What Idaho’s Republican Primary Tells Us About America’s Culture Wars

For years, Idaho has been at the vanguard of the culture wars that are playing out in conservative states across the country.

It was the first state to attempt to restrict transgender girls and women from competing on women’s athletic teams, passing legislation that became a model for states across the country. It was among the first to explicitly ban “critical race theory” from public schools and target diversity, equity and inclusion efforts in public institutions. And the Idaho Freedom Foundation, a far-right Idaho political group, took an early lead in a nationwide campaign to remove books from libraries based on their content.

But Idaho Republicans have increasingly disagreed over how far to take these efforts. Capitol police in Boise had to intervene ina 2022 fight over proposed “parental freedom” legislation that, among other things, would have created a $1,000 fine if a school didn’t give parents what they want. This year, two prominent far-right Republicans were recorded quarreling over the party’s direction — an exchange that InvestigateWest said illustrates “a fracture among key far-right figures in Idaho politics, in a state where many races turn on contests of conservative purity.”

The Idaho Republican primary on May 21 continued the Legislature’s march to the right. Candidates who were aligned with the highly conservative Idaho Freedom Foundation picked up a net of eight seats, according to the group’s own tally. And in a state with so few Democrats, GOP primary winners are typically all but a lock to win in November’s general.

Yet these GOP purists fell short of one important milestone: enough members to outright control the legislative agenda. Some moderates fended off challengers from the right. Some incumbent hard-liners lost their seats.

The primary results were the latest reminder that Idaho Republicans remain far from united. And there are signs that the rift is leading frustrated Idaho voters to reject incumbents in general — conservative and moderate alike.

Here are some takeaways, based on local news reports and ProPublica’s interviews with experts in Idaho politics.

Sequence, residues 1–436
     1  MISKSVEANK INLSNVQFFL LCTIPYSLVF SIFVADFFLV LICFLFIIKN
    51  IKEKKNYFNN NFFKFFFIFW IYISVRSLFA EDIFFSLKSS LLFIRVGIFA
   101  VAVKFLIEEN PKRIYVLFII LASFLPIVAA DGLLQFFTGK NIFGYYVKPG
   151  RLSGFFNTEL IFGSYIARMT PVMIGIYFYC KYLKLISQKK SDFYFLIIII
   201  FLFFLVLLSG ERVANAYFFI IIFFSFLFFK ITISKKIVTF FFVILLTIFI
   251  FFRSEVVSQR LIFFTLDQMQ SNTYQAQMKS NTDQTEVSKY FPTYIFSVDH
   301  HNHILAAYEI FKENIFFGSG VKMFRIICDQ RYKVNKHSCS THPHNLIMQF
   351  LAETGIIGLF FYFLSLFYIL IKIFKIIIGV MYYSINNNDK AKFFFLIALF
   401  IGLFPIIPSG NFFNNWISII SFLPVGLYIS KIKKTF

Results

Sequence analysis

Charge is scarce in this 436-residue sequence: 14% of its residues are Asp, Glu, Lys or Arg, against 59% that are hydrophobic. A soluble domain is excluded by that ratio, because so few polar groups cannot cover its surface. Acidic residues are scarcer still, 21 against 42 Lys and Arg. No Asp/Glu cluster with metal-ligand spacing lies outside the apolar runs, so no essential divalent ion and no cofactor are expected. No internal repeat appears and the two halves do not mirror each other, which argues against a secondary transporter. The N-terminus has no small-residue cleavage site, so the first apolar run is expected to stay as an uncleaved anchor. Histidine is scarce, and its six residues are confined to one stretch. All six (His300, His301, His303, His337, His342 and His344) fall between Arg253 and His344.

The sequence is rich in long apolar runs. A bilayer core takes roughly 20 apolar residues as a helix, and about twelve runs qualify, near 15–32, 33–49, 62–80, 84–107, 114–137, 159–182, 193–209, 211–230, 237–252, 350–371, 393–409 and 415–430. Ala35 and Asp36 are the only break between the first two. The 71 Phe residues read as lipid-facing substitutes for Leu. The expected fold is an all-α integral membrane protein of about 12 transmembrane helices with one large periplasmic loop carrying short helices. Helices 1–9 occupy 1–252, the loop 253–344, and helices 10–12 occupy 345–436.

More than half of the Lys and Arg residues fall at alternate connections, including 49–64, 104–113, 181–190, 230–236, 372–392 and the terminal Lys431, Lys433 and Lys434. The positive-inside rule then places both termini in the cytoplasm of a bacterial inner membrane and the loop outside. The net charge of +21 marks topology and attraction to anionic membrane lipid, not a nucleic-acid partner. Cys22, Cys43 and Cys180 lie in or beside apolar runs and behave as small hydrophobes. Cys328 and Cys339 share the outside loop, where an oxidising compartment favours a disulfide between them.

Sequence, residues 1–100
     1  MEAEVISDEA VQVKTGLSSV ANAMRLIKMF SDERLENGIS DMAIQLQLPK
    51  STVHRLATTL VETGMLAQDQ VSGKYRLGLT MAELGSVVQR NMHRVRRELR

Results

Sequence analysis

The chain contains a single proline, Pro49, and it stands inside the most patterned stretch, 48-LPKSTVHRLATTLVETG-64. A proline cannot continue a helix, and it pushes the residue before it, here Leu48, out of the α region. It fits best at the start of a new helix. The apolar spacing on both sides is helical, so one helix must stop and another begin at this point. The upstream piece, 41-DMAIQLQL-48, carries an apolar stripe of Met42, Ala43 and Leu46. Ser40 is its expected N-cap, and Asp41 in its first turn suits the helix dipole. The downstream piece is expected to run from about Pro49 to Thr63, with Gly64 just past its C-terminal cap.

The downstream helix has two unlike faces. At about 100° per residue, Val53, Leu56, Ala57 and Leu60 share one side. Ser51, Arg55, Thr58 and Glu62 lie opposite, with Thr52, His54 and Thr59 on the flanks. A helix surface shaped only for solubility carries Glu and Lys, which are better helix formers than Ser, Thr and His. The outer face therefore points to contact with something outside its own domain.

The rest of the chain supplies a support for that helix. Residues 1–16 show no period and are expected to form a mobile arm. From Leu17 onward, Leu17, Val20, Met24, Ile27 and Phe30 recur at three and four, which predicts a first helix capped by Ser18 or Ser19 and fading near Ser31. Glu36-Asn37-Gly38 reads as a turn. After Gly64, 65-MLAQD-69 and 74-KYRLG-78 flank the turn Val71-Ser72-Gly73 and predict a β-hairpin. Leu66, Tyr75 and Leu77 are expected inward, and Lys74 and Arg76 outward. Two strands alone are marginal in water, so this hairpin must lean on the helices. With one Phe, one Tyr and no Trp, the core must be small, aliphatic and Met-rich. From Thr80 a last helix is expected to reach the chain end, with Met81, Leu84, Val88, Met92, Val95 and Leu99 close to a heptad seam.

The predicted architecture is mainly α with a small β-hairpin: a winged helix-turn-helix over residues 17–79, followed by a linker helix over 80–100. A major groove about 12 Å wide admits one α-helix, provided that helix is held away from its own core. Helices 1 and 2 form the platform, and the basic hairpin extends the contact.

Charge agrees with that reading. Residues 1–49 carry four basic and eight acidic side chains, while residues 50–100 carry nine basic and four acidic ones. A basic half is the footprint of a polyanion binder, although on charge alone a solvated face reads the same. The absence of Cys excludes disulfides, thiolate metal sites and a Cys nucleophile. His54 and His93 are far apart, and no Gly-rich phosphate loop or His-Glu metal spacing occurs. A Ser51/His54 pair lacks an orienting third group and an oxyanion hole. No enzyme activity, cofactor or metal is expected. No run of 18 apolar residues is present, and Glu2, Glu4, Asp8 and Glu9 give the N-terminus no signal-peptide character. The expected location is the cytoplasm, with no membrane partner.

Incumbents Are at Risk

A surprising number of incumbents were knocked out of office in May. Almost all of the 87 Republicans in office were on the ballot. Of the 47 who faced challengers, 15 lost their seats.

It wasn’t the largest-ever purge, but it included the historic takedown of the GOP Senate leader by a newcomer to Idaho with no legislative experience.

Ron Nate, president of the Idaho Freedom Foundation, wrote in a blog post that the primary was “a good night for friends of liberty and a bad night for establishment good-old-boys.”

He noted that 11 of the ousted GOP incumbents had F grades on the group’s “Freedom Index,” while three of the losing incumbents had an A grade going into the election.

But this apparently resounding victory for the group’s ideas seems less so considering that prior to the election, the Freedom Foundation gave F’s to 47 Republicans who were on the ballot and A’s to only 10. In other words, about 23% of the foundation’s least-favorite lawmakers lost reelection races, while 30% of its favorites lost.

At least some of this housecleaning may reflect voter disgust with both warring camps in the Legislature.

“There’s a lot of people who are just frustrated, and so some of it kind of went into an anti-incumbent” wave, said Jaclyn Kettler, associate professor of political science at Boise State University.

What Idaho’s Republican Primary Tells Us About America’s Culture Wars 1